Lost. Everything is truly lost. At least before, I was the only one who would be taken by the game. Now, my whole family has had to suffer. I feel absolutely helpless in my own life, unsafe with every step I take towards the door, flipping the light switch to “off”, and closing the door. I make my way into the hallway and robotically turn into my parent’s room, where their bed remains unmade and my mother’s dresses still lay out on the bed. Opening the small hutch, I hang them and tidy the room, shuffling around in shock. I pull the covers over both of their pillows and collapse into the middle of the bed, as I used to when I was a child and could not sleep on my own. I sob into the mattress for an hour or so, then wipe my nose on the sheet and stumble out of the room, closing the door on them.
My sister's room seems to move toward me in the hallway, and I briefly remember when we were both young, the best friend anybody could have was my sister. She was brilliant, even as a child, fixing our toys, or getting bullies to leave me alone. I thank her silently for choosing to admit her weakness on this day. If she had come home while I was here, I have no doubt they would have dragged her along with them. I do not close her door, I can’t bear the thought of shutting her off from my life. I stumble down our uneven stairs and turn from the kitchen, flashbacks of our last dinner together beginning to bear down on me. I turn back with the front door half open, and say “I love you” to the life I’ve always known.
Shuffling around the gravel road, I wander around my Quadrant. My school, training grounds, and the work building dark. I try to picture the streets as they usually are, filled with light even when the sun sank below the horizon. Filled with noise and laughter and people, dancing and talking about whatever they could find to say. It’s all empty now, not a single person to see me cry. So I do. I let myself cry at last, because it really doesn’t matter anymore. It’s time for me to die. I stop when children start shuffling into the streets. Trickling out of the tiny lit houses like the tears down my face, gathering at the gates to our Quadrant much like my tears gather on my chin.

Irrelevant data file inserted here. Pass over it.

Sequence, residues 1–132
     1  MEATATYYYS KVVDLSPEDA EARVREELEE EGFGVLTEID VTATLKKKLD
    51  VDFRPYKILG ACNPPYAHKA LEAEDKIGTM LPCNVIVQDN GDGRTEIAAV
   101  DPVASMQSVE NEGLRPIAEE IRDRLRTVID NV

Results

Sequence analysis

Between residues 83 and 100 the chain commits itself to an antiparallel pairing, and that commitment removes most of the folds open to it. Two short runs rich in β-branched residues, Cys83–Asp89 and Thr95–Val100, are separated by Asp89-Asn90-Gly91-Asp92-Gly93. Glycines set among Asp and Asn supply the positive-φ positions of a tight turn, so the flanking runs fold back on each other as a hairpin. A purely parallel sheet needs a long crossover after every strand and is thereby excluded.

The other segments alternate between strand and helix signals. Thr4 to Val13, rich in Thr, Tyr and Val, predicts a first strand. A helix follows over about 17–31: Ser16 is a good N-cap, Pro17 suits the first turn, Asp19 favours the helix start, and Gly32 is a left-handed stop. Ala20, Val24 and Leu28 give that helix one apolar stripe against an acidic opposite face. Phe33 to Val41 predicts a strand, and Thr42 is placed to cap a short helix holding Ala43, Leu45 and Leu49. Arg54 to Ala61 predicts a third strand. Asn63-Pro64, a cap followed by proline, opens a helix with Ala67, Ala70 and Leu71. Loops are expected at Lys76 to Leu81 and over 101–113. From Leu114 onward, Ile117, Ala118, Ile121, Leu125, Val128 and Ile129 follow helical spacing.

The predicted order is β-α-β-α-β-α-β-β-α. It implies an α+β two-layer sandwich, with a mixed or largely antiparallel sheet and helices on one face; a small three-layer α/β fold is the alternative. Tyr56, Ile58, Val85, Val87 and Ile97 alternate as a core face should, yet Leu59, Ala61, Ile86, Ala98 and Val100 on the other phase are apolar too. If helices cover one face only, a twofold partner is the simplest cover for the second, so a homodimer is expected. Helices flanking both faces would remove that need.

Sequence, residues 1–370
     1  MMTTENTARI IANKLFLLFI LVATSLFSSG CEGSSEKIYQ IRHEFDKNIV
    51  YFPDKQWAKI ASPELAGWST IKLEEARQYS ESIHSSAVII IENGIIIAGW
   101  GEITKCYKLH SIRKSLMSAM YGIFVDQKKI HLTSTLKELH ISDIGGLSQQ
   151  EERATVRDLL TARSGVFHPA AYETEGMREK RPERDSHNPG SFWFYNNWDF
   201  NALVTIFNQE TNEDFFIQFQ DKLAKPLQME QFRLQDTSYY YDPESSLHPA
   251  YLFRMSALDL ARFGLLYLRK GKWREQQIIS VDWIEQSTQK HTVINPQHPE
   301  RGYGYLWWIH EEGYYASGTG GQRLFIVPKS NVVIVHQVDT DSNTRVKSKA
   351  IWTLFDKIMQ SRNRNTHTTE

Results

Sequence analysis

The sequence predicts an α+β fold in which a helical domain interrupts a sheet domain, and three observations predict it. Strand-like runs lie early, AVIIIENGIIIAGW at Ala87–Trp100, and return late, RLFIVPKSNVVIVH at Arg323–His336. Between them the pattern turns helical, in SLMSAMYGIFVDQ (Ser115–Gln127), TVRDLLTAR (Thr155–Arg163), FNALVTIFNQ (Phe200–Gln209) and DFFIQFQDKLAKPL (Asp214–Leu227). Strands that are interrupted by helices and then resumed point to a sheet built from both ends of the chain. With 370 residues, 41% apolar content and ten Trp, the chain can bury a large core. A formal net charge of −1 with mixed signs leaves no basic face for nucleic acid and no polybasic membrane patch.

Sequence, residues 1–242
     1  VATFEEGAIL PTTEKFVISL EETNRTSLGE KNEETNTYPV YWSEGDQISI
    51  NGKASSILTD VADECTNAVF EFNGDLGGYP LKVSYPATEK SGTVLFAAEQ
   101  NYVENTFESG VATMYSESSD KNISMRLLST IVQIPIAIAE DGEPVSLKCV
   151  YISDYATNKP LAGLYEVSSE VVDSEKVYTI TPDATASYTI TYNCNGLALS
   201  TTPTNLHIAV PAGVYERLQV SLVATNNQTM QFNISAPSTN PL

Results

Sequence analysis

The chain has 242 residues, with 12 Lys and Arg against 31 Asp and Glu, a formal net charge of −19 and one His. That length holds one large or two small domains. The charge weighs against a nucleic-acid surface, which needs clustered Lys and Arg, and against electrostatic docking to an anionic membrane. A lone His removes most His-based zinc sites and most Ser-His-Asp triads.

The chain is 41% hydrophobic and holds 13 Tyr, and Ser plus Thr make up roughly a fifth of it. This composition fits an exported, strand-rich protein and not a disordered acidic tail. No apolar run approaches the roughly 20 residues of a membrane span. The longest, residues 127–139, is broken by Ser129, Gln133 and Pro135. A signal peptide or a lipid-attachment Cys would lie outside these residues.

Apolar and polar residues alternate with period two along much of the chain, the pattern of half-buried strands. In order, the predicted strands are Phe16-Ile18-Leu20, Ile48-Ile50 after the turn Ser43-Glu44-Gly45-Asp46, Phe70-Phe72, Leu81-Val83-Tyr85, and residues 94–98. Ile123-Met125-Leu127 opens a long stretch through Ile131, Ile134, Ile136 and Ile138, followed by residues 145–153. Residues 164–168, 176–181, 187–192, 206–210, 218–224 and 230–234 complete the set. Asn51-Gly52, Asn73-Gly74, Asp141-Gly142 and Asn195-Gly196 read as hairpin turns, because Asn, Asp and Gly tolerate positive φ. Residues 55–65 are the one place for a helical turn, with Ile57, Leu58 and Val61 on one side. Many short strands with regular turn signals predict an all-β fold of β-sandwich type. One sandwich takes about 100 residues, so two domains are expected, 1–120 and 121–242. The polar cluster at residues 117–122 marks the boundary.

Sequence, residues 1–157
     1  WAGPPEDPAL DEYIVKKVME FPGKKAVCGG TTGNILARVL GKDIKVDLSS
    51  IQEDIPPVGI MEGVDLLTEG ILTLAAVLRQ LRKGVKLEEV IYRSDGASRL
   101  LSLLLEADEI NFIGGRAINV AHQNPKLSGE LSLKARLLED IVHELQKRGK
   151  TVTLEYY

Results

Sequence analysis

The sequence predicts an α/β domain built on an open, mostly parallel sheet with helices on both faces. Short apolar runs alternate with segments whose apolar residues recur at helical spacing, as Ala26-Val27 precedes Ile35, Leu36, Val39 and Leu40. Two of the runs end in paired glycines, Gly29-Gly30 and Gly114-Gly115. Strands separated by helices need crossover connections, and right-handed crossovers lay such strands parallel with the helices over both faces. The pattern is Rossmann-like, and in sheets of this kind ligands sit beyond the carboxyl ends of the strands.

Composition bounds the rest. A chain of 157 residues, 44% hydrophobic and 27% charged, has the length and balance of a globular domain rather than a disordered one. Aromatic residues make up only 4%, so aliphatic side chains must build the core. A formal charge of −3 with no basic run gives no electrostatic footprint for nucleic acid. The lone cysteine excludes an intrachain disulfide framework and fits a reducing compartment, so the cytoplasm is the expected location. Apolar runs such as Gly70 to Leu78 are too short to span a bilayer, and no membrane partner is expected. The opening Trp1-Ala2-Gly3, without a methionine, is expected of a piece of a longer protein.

They, unlike me, do not have tear streaks painting their faces, but triumphant smiles. It is considered an honor, and a right of passage, to enter the games. Much like our tattoos, they blend us only closer to the new society. They talk about the old world sometimes, how all they cared about was their own happiness. How they would do whatever was needed to climb to the top of the world and rule it. In ancient studies, I learned that the Nazis were world leaders who struggled to unite all people in order to better the world. They spoke of how everyone else was against it, that they were murderers, killing masses of people in cold blood. But the Nazis were not just a power struggle. They tried to save the lives of many, to better society as a whole, even though it was at the expense of a general few. Or at least that’s what they teach us now.
I can still pick out the fierce cruelty in Hitler’s black and white photos. The white rage that he covers with his mask of satanic pride is much too obvious to me, but the people apparently remain ignorant and obeying. Little did the old world know that they could never extinguish a race as effectively as the Nazis did. Their people, few and far in between, survived, and swelled again in numbers, shrouded in secrecy and manipulation. April 4th, 2014, 59 years after their “defeat”, they rose again. The Auslese came to power that day, using a mercury bomb that surpassed any technology known to the old world. None of those innocent people stood a chance. Some, the intelligent ones, bowed before the superpower, begging for forgiveness, and asked for a second chance. It was because of these people that the tradition of the Spiele took place.